The 1970 model had very few changes except for the colour and markings. It was now available in only one colour option, candy red. The gold piping on the seat cover was changed to black and the rear grab rail was slightly modified.
The 1971 H1-A was different in quite a few departments. The colour was now changed to Candy Blue but the fuel tank was now re-shaped to not include the previous cut out knee grips on the side of the tank. The MACH 111 500 badge was dropped in favour of vinyl decals. This design was used on all 1971 Kawasaki models. The chain guard was now finished in black instead of chrome. Some models, especially the UK model, were now fitted with conventional points and condensers instead of the CDI system because of problems with radio interference.
The 1972 model was offered in Pearl Candy Orange with the now famous stripped pattern. The petrol cap was now a chrome locking type and the seat cover was now ribbed instead of just a plain cover. The front and rear fender was now colour matched to the rest of the paintwork and the tail light lens shape was modified.
A single disk brake was fitted at the front and the front forks, clocks, handlebar controls, footrests and indicators were all re-designed. The rear brake panel was now finished in black and the outer engine cases were now polished instead of being painted silver grey. In an effort to reduce noise, the mufflers, baffles and air cleaner system were also modified. All the control cables were now finished in black instead of grey. A hydraulic steering damper was now fitted as well as the previous friction unit in an effort to improve the handling.
This was a strange period in the life of the H1. Officially there was no H1-C but it would seem that Kawasaki were having one of their 'parts bin clearouts' and a reported one thousand models appeared with bits of everything on them. There was an H1-B with a front drum brake, another with a white paintjob, just like the 1972 S1-250, some with a disk brake and some with a drum brake. There were also reports of a red H1-B and even an H1-A with a disk brake. Has anybody got any hard facts on this rare model?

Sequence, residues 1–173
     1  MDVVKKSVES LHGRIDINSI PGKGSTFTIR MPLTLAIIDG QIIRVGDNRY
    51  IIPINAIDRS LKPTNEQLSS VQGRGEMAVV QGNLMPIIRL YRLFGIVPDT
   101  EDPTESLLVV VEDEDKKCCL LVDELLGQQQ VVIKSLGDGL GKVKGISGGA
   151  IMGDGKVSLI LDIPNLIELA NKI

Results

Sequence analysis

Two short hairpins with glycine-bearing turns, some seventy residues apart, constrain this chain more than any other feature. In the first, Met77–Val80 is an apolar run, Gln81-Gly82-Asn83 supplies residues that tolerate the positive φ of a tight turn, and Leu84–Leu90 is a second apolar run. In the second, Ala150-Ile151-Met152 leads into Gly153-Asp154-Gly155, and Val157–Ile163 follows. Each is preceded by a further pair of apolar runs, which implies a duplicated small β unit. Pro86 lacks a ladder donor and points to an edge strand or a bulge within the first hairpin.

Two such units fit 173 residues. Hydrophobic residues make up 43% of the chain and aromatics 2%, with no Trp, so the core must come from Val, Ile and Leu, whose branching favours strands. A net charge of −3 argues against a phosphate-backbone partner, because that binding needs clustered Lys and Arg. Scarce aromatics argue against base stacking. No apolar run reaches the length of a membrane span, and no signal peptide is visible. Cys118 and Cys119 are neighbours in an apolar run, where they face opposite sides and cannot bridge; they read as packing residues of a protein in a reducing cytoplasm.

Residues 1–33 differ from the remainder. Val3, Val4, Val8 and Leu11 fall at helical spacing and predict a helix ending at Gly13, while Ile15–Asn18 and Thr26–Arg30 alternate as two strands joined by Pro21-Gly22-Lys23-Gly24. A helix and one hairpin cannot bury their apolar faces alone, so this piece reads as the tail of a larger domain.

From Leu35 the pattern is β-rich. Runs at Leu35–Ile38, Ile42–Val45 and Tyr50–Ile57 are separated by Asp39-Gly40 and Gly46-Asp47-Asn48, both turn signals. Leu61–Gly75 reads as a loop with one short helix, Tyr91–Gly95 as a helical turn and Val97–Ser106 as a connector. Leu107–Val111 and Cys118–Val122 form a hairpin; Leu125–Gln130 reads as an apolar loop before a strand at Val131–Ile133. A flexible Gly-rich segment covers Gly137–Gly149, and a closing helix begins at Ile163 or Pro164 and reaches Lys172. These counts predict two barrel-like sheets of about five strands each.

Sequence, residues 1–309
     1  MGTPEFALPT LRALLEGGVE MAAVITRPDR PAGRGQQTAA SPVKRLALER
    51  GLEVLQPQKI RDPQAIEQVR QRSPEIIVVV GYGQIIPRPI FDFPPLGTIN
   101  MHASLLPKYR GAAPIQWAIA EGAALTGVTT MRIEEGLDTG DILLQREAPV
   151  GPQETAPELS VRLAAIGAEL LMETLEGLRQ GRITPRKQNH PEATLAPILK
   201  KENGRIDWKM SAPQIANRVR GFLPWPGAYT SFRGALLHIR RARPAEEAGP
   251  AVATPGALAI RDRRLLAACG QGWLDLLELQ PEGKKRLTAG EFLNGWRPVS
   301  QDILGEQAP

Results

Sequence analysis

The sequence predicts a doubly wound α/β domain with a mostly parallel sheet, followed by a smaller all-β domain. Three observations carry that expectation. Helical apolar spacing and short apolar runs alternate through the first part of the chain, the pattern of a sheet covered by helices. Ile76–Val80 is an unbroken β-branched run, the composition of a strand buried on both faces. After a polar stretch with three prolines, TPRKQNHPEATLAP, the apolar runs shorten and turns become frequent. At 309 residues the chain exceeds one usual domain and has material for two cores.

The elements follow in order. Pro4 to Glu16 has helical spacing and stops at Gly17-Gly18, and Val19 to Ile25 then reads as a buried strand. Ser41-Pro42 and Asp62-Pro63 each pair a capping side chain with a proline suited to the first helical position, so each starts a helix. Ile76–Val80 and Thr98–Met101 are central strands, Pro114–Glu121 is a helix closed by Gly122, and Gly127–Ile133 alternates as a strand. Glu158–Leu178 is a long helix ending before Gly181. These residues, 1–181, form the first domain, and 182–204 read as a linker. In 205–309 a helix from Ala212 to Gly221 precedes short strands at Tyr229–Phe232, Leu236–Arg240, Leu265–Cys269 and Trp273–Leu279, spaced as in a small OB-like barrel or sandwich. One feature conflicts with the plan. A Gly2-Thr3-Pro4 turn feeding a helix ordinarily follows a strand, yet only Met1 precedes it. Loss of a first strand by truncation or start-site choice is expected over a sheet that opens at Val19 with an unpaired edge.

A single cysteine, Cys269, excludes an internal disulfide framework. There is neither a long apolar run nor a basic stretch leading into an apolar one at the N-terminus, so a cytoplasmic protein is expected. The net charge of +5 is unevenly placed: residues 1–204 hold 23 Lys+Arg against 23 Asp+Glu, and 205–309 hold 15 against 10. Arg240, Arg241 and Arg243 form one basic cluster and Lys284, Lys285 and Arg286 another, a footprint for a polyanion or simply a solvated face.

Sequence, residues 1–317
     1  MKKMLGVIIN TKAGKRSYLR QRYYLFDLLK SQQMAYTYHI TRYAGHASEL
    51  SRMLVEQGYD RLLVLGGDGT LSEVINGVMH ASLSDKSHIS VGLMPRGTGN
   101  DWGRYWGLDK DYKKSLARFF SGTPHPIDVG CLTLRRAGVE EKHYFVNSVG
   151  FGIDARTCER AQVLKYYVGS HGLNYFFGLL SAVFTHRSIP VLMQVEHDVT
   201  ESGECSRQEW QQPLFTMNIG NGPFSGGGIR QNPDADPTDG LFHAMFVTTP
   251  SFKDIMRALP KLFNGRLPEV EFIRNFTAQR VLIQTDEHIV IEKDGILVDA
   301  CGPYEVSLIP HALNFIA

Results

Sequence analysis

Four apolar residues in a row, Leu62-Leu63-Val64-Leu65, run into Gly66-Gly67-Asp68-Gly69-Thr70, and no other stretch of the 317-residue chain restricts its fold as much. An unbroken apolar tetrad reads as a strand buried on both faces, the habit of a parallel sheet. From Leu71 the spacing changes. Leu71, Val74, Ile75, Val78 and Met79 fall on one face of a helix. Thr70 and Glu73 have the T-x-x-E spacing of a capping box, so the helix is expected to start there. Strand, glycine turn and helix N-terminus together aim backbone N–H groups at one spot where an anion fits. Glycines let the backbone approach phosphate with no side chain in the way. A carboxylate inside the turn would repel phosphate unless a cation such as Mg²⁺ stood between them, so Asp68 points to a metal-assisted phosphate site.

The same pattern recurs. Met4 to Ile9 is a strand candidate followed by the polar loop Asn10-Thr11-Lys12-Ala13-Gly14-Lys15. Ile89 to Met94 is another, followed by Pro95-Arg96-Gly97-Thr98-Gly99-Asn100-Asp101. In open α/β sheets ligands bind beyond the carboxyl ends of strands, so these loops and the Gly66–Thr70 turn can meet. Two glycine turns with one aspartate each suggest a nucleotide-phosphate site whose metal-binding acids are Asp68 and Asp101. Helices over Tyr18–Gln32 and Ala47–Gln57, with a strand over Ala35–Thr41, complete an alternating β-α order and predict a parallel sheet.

This was a major change of design for Kawasaki. The colour options were both green: a Candy Lime green or a darker Candy Green. A lot of discussion and confusion is evident on these colours, but as I see it, Europe got the darker green while the states got the lime green. Nearly everything was changed on the H1-D except for the engine. The CDI system from the H2 model was now fitted and the exhausts and air cleaner system was once again modified to improve social acceptability!!!. The exhausts were now a one-piece affair with no connecting rubber between the down pipe and silencer. Major changes to the rest of the bike included the bodywork, seat, fenders, instruments, rear shocks and electrics. The two steering dampers were now dropped with a modified hydraulic item being offered as an option. The overall shape of the H1-D was to become the basis of all the triples in the Kawasaki range for many years to come.
The H1-E was offered in two colours, Candy Green or Candy Red. The green proved to be the most popular. Once again the CDI system was changed and check valves were added to the front of the crankcases. The mufflers, seat, handlebars controls, instruments and side panel emblems were modified as was the rear shocks and footrests. The engine was now rubber mounted using a series of rubber clad bushes. The green H1-E seems to be the most popular with riders and restorers all over the world.
The H1-F was offered in either Candy Sky Blue or Candy Brown. The blue was very popular while the brown was avoided like the plague!!. Very few differences were evident on this model. A decal was added to the tailpiece and the shape of the tank decal was also changed. The side panel decals were finished in white instead of chrome and the footrests were once again changed. Other small discreet changes to the controls and instruments were also evident. Because of this many people get the H1-E and the H1-F confused.